Yash Vagadia has described a recent 10-day batting camp in Mumbai as a “fantastic” experience for himself and five Yorkshire colleagues.

On Tuesday, Vagadia, Fin Bean, Harry Duke, George Hill, Will Luxton and James Wharton returned to Headingley from an Indian training trip led by assistant coach Ali Maiden and partly funded by the Yorkshire Supporters’ Association.

While the focus was on outdoor practice – something replicated by a small group of seamers in Dubai earlier last month – the group also took part in a 45-over fixture supplemented by local players.

“That was a really good standard,” explained Vagadia, the 18-year-old top order batter who signed his first rookie contract with the county in November.

“The purpose of it was that we’d done it on the last day of the trip to ensure we’d put into practice what we’d been working on for the previous nine days.

“We wanted to go out and put that work into a match scenario.

“It was one of those games where if you got out, you could come back in later on.

“Funnily enough, I came in at the end when we needed 60 or so and got run out. Nightmare. But I bowled 10 overs of my off-spin and took two for 40-odd. That was useful because there were some very good players of spin.”

Vagadia, a current Durham University student, continued: “It was fantastic, a really good trip. Personally, I got everything that I wanted to work on done. It was really intense but definitely worth it.

“My main aim was to work on my sweeps, reverse sweeps and playing against spin. I did a lot of that, working on my forward press and playing off the back foot. I’m feeling pretty confident now.

“India is an amazing place to go. Everyone is just obsessed with cricket. There were two or three grounds neighbouring ours, and they all had crowds watching them.”

Vagadia’s rookie deal was announced late last year on the same day as David Wiese was locked into an overseas contract for this summer’s Vitality Blast.

They are two cricketers at respective ends of the professional career path, with Vagadia’s journey just beginning following some impressive form in Academy, second-team and Premier League cricket for home club Hartlepool.

“To get a rookie contract was my goal last season,” continued the right-hander. “This was what I was working towards. It’s good I’ve got that, but there’s still miles to go. It’s just the start for me.”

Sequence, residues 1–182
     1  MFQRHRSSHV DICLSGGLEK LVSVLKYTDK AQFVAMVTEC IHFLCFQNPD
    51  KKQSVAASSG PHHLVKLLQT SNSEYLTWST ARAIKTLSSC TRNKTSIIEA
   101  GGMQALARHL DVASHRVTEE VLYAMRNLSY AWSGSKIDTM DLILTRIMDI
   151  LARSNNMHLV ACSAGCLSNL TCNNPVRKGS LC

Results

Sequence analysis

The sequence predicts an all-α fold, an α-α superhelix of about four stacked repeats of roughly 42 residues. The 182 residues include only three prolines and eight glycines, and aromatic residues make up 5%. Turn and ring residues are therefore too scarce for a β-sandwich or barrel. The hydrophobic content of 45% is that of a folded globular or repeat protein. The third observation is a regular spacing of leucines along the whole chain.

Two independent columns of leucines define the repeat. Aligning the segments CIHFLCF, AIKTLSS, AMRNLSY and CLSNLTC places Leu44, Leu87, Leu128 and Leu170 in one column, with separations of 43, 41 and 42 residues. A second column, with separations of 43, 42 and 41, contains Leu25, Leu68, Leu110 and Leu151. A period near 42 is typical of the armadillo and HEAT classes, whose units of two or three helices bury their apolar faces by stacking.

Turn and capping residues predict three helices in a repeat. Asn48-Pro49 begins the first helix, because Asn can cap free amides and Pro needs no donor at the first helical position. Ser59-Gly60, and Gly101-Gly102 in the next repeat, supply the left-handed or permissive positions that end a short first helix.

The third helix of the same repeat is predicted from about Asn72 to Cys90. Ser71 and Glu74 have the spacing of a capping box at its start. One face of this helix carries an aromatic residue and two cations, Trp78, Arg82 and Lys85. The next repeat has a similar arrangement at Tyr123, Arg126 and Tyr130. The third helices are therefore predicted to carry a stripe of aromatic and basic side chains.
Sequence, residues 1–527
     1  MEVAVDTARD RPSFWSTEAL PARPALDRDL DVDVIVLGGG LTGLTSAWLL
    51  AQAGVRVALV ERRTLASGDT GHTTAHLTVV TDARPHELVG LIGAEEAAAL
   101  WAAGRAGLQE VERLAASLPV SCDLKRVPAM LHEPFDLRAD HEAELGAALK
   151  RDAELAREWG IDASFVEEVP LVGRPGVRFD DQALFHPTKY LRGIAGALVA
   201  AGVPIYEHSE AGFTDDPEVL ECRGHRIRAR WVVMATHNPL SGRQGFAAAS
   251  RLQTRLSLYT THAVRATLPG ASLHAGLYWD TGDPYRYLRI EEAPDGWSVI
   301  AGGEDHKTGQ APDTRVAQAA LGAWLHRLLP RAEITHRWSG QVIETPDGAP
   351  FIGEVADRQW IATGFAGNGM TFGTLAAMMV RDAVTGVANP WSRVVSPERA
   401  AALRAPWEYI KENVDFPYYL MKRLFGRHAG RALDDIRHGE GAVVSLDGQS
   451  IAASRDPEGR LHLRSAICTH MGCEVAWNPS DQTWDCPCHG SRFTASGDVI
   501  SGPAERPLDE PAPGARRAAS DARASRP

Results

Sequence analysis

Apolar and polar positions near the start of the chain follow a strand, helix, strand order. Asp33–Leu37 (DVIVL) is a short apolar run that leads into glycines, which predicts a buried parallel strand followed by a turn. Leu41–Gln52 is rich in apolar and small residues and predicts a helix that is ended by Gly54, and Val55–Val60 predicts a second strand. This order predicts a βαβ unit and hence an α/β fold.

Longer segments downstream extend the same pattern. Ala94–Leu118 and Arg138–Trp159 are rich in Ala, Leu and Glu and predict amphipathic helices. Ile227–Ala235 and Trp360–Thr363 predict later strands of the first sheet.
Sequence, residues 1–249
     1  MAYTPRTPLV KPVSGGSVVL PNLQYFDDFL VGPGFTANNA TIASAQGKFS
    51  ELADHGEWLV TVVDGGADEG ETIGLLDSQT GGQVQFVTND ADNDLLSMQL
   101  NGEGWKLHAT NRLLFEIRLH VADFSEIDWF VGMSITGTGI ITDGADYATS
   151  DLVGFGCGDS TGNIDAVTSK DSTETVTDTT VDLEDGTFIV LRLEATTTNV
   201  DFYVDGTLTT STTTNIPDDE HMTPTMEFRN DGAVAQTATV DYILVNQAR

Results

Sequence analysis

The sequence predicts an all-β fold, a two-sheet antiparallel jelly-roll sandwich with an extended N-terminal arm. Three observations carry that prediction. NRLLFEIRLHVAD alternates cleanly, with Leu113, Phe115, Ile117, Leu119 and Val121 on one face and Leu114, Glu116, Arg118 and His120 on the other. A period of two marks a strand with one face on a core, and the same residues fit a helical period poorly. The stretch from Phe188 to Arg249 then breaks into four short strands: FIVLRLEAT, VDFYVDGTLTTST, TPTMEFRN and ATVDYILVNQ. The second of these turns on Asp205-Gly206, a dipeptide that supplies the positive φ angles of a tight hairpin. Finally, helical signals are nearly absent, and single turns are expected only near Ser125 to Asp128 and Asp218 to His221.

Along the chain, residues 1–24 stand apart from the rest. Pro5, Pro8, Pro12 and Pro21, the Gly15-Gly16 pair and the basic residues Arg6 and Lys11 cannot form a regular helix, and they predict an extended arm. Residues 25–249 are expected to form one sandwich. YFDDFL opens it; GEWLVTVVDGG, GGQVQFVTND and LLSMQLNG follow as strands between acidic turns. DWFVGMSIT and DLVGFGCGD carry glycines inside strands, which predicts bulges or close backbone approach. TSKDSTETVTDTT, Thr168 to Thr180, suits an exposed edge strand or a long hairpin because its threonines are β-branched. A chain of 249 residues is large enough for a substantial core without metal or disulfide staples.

Vagadia played six matches as the second team won last season’s Championship title, him contributing 362 runs and four half-centuries with a best of 87. One of his fifties came in the title-clinching draw against Kent at Folkstone in September.

“It was a really good summer,” he reflected.

“The Under 18s competition the Academy plays in didn’t start off how I’d want. There were a couple of unlucky dismissals, I played some bad shots. Then, towards the end of the season, I started scoring a lot of runs in the second team, the Under 18s and Hartlepool.”

That included a brilliant 179 not out opening the batting for Hartlepool in a huge North Yorkshire South Durham League win over Billingham Synthonia.

“That was my favourite game of the season, just thinking back now,” he smiled. “I loved that one.”

Vagadia has had a taste of first-team cricket before, playing in a pre-season friendly against Durham at Headingley ahead of 2021. He scored 49 opening the batting against an attack including Chris Rushworth, England Test quick Matty Potts and Brydon Carse.

“I’d say I’m an aggressive batter. In that game, I scored 40-odd against the red ball at a strike-rate of 70 or 80,” he reflected.

“You’re likely to see an aggressive style from me, especially against spin.

“It might have to change as I move up the levels against some top quality bowling, but for now I’d like to go at a high strike-rate.”

“And I’ll bat wherever the coaches want me to. I genuinely don’t have a preference in any format. As long as I’m playing, I don’t mind. Traditionally I’ve been an opener, but I’ve batted all around.”

And, as for summer goals, he added: “The perfect 2023 would involve a first-team debut. That, I would say, would most likely come in the One-Day Cup.

“If it was absolutely perfect, I would say a first-class debut as well. But that might be tough. I think it’s more realistic that I play in the 50-over competition.

“I also want to develop my bowling so I’m seen more as an all-rounder. That would be brilliant.”

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